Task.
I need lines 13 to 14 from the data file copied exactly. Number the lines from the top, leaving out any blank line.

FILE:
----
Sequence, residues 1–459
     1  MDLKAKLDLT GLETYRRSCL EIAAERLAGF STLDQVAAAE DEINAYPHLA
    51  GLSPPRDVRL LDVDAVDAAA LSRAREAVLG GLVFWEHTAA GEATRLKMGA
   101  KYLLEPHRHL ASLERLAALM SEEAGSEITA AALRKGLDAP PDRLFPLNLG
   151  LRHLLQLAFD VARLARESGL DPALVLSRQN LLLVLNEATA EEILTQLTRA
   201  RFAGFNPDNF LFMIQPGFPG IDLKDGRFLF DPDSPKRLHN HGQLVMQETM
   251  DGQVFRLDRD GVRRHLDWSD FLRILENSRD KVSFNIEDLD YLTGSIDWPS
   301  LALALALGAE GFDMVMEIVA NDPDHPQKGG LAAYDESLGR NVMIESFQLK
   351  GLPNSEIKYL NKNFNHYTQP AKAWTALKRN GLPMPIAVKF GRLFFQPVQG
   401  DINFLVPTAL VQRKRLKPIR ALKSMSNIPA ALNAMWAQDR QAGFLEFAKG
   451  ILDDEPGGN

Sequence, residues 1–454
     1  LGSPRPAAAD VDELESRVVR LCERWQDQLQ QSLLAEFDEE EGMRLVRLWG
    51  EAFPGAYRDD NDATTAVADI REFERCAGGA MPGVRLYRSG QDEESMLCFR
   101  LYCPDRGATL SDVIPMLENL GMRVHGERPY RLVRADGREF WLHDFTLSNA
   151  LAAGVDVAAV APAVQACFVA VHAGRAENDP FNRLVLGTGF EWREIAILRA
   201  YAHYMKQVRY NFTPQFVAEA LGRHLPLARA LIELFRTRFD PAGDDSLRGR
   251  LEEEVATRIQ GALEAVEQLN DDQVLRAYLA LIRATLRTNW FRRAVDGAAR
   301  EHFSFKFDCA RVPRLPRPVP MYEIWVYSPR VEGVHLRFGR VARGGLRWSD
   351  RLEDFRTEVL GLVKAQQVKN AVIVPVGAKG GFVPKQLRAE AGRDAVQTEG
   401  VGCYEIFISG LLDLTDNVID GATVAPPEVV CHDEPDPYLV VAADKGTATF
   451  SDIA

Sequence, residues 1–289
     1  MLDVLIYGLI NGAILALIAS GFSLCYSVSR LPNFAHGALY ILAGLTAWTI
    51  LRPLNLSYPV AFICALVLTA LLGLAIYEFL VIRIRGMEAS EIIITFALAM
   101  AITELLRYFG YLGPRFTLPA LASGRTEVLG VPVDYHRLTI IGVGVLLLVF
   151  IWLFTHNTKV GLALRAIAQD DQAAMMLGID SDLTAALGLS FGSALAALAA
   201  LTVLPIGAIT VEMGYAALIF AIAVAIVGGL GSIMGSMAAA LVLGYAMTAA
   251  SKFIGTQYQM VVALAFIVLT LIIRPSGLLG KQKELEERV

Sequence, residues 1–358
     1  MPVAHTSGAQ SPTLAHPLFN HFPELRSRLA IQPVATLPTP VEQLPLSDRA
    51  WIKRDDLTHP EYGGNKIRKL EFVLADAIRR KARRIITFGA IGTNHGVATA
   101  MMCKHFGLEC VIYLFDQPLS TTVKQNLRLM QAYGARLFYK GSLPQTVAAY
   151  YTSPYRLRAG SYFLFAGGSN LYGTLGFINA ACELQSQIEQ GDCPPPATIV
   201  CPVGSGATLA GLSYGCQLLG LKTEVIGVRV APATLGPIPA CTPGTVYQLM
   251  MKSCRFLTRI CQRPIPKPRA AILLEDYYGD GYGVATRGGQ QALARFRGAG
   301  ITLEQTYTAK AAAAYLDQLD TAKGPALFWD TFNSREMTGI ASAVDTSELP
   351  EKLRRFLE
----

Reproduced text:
     1  LGSPRPAAAD VDELESRVVR LCERWQDQLQ QSLLAEFDEE EGMRLVRLWG
    51  EAFPGAYRDD NDATTAVADI REFERCAGGA MPGVRLYRSG QDEESMLCFR